DOI: 10.1162/nol_a_00117 ISSN: 2641-4368

Grammatical Parallelism in Aphasia: A Lesion-Symptom Mapping Study

William Matchin, Dirk-Bart den Ouden, Alexandra Basilakos, Brielle Caserta Stark, Julius Fridriksson, Gregory Hickok
  • Neurology
  • Linguistics and Language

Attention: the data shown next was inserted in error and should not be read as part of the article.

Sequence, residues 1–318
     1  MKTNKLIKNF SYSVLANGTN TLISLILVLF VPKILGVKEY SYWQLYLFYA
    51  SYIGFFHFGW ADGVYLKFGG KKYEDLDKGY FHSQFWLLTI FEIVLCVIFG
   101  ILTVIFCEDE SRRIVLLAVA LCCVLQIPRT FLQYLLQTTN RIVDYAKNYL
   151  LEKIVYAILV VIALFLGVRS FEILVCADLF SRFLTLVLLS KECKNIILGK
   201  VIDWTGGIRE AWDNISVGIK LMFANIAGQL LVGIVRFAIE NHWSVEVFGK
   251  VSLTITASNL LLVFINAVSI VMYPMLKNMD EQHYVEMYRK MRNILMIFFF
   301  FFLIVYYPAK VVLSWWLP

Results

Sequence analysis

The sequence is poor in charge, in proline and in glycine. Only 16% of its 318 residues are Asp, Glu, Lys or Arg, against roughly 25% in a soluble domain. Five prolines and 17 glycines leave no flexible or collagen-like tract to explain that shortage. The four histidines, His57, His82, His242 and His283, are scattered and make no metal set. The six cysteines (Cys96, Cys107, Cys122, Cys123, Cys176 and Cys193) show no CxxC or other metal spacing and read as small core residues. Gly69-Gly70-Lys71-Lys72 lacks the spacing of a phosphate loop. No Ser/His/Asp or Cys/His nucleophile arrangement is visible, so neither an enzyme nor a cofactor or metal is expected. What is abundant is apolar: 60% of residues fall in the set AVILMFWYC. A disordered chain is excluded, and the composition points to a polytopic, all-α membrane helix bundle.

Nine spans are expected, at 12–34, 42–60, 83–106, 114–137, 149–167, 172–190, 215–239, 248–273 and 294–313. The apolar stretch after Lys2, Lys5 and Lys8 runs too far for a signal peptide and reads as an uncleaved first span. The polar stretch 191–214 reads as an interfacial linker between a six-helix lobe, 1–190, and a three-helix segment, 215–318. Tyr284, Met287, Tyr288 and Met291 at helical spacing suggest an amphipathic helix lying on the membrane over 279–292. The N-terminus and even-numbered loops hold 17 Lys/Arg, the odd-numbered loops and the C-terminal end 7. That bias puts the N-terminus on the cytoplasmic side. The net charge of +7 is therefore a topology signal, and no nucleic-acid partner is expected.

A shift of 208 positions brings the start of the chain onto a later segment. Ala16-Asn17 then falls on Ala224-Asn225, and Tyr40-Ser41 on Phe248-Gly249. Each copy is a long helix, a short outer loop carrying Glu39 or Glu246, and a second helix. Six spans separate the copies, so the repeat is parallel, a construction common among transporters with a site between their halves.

Sentence structure, or syntax, is potentially a uniquely creative aspect of the human mind. Neuropsychological experiments in the 1970s suggested parallel syntactic production and comprehension deficits in agrammatic Broca’s aphasia, thought to result from damage to syntactic mechanisms in Broca’s area in the left frontal lobe. This hypothesis was sometimes termed overarching agrammatism, converging with developments in linguistic theory concerning central syntactic mechanisms supporting language production and comprehension. However, the evidence supporting an association among receptive syntactic deficits, expressive agrammatism, and damage to frontal cortex is equivocal. In addition, the relationship among a distinct grammatical production deficit in aphasia, paragrammatism, and receptive syntax has not been assessed. We used lesion-symptom mapping in three partially overlapping groups of left-hemisphere stroke patients to investigate these issues: grammatical production deficits in a primary group of 53 subjects and syntactic comprehension in larger sample sizes (N = 130, 218) that overlapped with the primary group. Paragrammatic production deficits were significantly associated with multiple analyses of syntactic comprehension, particularly when incorporating lesion volume as a covariate, but agrammatic production deficits were not. The lesion correlates of impaired performance of syntactic comprehension were significantly associated with damage to temporal lobe regions, which were also implicated in paragrammatism, but not with the inferior and middle frontal regions implicated in expressive agrammatism. Our results provide strong evidence against the overarching agrammatism hypothesis. By contrast, our results suggest the possibility of an alternative grammatical parallelism hypothesis rooted in paragrammatism and a central syntactic system in the posterior temporal lobe.

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